Love Bread? 10 Traditional Spanish Pastries You Should Try

Traditional Spanish Pastries

You can find a lot of bakeries (also known as panaderias) in Spain. When you walk into a street, you’ll see one in the corner. The bakers in Spain offer a lot of varieties of bread and pastries, and Spaniards love their bread.

The pastries and bread reflect their regional origins, where the ingredients can be found. The influence of people from different countries such as the Moors and Greeks. Later on, they travelled to more countries and developed their recipes.

Nowadays, even if you’re not in Spain, there are a lot of Spanish restaurants you can visit to try their authentic treats. However, it’s better if you visit Spain to know what are the stories behind their delicacies.

If you’re curious about the different pastries Spain offers, then check the list below!

1. Coca

Coca can be found in is some parts of Spain like Montserrat and Catalonia. It’s a flatbread made to be sweet or savoury, depending on its toppings. It’s like a combination of baked doughnuts and pizza.

The savoury version of it contains ham and vegetables, while the sweet has pine nuts or sugar glaze. Nowadays, coca is can be made in different shapes and sizes.

The traditional ingredients are eggs and sugar, but later on, they’re replaced with salt and yeast.

2. Ensaimada

Ensaimada is a spiral-shaped pastry with different fillings like chocolate and spaghetti squash. Its main ingredients are lard and eggs. It originated in Majorca but can be found in different parts of Spain. Just visit a Spanish restaurant or bakeries to try this delicacy.

The recipe of ensaimada has never changed, unlike any other pastries. The fillings are just altered, but the main bread stays the same.

3. Bizcocho

Fond of sponge cake? Then you should try bizcocho. It’s believed to be the easiest Spanish pastry to make that’s why it’s the first cake they usually taught to kids. The classic slice of bizcocho is topped with icing powdered sugar and paired with a glass of milk.

Although the main ingredients are eggs, flour, and sugar, they are now added with citrus fruit juices or liquor. Moreover, the traditional powdered sugar sprinkle can now be replaced with the usual icing cakes.


4. Rosquillas

Rosquillas is Spain’s version of doughnuts. They also have holes in the middle, are deep-fried, and are covered with cinnamon sugar. The ingredients are almost the same as the usual doughnuts, except for its other variety that contains wine.

When you visit San Isidro and you noticed that there are celebrations there, you can easily find rosquillas sold in the streets.

5. Sobaos Pasiegos

Sabao is a yellow sponge cake from Cantabria. Spaniards say that sabao is created so that leftovers won’t go to waste. It was originally made from butter, sugar, and bread dough, but later on, it’s improved by adding sugar, flavourings, and eggs.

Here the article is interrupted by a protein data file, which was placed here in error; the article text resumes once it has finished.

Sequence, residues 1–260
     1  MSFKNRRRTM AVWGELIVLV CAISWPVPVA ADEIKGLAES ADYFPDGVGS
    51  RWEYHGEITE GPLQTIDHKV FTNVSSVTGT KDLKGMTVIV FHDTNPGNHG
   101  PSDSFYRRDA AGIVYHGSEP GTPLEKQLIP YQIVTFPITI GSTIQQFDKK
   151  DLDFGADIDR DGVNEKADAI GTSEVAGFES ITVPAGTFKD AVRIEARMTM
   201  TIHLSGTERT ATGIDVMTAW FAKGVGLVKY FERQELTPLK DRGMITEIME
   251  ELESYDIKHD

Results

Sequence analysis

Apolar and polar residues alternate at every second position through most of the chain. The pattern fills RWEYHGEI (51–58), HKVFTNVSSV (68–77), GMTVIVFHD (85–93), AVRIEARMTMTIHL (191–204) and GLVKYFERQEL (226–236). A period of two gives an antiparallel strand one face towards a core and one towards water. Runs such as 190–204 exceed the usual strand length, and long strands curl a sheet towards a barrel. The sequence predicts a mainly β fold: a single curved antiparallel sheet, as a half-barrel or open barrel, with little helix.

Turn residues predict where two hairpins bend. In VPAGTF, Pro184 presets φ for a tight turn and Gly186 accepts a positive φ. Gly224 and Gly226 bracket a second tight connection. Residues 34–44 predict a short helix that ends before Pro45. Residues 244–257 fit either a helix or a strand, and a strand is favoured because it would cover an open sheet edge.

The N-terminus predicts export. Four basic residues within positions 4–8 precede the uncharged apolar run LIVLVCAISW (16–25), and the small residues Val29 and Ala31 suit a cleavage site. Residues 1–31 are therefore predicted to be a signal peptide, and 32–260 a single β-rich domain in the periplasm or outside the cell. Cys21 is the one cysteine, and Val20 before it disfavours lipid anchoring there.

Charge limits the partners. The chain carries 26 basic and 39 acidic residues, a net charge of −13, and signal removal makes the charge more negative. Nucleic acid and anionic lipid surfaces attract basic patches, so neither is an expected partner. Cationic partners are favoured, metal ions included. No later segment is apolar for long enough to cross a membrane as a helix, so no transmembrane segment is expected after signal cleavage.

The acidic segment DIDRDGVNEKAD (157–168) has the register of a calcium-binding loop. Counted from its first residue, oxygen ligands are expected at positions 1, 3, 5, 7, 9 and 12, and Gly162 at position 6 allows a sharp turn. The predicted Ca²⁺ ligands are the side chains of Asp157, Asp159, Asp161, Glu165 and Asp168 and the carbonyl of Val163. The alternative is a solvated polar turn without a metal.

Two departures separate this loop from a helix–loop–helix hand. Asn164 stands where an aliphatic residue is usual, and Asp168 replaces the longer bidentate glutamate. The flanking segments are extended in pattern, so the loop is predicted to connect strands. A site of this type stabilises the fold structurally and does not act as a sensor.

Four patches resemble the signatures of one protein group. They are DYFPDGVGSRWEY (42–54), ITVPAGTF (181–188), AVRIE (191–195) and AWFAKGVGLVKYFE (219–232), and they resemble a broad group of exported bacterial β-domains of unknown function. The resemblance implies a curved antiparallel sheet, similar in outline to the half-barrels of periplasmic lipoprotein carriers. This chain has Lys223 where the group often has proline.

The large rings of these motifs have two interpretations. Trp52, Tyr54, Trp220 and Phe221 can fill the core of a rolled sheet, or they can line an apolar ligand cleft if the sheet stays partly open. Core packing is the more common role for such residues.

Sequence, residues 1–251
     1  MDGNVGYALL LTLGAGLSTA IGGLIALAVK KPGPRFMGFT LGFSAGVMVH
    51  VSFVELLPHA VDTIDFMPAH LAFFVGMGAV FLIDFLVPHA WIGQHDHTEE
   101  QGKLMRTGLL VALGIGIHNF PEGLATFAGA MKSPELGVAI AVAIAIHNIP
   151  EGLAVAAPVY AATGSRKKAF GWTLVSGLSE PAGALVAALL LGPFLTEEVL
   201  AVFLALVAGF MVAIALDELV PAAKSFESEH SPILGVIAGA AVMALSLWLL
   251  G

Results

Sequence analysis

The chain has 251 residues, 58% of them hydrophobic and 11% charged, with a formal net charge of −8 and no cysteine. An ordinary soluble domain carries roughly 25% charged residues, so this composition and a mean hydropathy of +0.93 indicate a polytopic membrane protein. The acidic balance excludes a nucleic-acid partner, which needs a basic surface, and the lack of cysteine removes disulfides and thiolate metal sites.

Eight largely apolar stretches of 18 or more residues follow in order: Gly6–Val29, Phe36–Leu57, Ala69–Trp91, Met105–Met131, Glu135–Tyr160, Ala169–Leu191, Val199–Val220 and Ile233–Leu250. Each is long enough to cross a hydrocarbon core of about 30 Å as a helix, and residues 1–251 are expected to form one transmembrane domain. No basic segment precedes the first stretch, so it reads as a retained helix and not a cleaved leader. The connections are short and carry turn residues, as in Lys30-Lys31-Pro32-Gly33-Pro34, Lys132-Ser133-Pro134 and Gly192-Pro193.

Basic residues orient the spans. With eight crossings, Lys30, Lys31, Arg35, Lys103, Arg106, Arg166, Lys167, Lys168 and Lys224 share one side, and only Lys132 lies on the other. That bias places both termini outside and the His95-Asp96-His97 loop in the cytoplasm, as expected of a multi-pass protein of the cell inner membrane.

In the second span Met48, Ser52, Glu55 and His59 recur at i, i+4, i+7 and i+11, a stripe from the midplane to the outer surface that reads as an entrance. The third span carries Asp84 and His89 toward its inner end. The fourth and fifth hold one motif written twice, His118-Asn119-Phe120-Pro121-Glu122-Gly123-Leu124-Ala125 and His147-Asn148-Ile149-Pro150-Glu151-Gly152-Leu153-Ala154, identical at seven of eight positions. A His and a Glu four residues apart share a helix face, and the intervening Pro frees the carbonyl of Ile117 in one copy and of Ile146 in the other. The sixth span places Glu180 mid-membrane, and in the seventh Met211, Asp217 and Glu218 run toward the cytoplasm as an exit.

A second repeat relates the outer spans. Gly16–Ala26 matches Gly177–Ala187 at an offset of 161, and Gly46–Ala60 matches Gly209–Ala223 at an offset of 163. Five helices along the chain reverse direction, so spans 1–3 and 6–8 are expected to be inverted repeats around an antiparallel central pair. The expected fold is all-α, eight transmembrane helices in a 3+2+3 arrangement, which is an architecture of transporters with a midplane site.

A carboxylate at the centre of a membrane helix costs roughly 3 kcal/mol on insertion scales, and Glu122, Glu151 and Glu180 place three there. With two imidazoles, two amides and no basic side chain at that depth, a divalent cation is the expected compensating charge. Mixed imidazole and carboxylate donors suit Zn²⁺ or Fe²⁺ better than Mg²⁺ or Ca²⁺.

6. Piononos

Ever had a slice of rolled cake? Well, if you do, you can easily imagine how pianonos look like. They are made of rolled spongecakes drenched in syrup and filled with cream.

Pianonos originated from Granada, which was invented by Chef Ceferino Isla as a tribute to the late Pope Pius IX.


7. Magdalenas

Magdalenas look similar with mufins. Traditionally, they were made for celebration, but nowadays they can be found at Spanish restaurants and bakeries. You can pair magdalenas with a cup of coffee or a glass of warm milk.

It was believed that the name Magdalena originated from a girl who used to hand out these cakes to religious visitors that goes to Galicia.

8. Casadielles

Are you a walnut lover? Then don’t forget to try casadielles! It’s a pastry roll filled with walnuts, which originated from Asturias.

The traditional way of cooking it is frying, but nowadays, they also have it baked. They sprinkle some powdered sugar on top when it’s cooked and cooled.

9. Churros

The original churros didn’t have the shape we know today. The Spanish shepherds just made random shapes when they invented churros because it’s convenient for them to cook in a pan. They didn’t even have cinnamon sugar and chocolate dip back then.

But nowadays, churros is one of the well-known pastries in the world. People don’t mind ordering it every now and then, although it contains a lot of sugar, p


10. Costrada

Costrada is another Spanish treat that consists of two levels of puff pastry combined with whipped cream and meringue. It also has toppings such as roasted almonds and powdered sugar.

It’s chilled then served with a cup of coffee after baking. Sometimes, they add fruits on top of it to make it look even more presentable.

Do you have your go-to pastry when you visit Spanish restaurants? If you have, don’t hesitate to share it with us by leaving a comment below!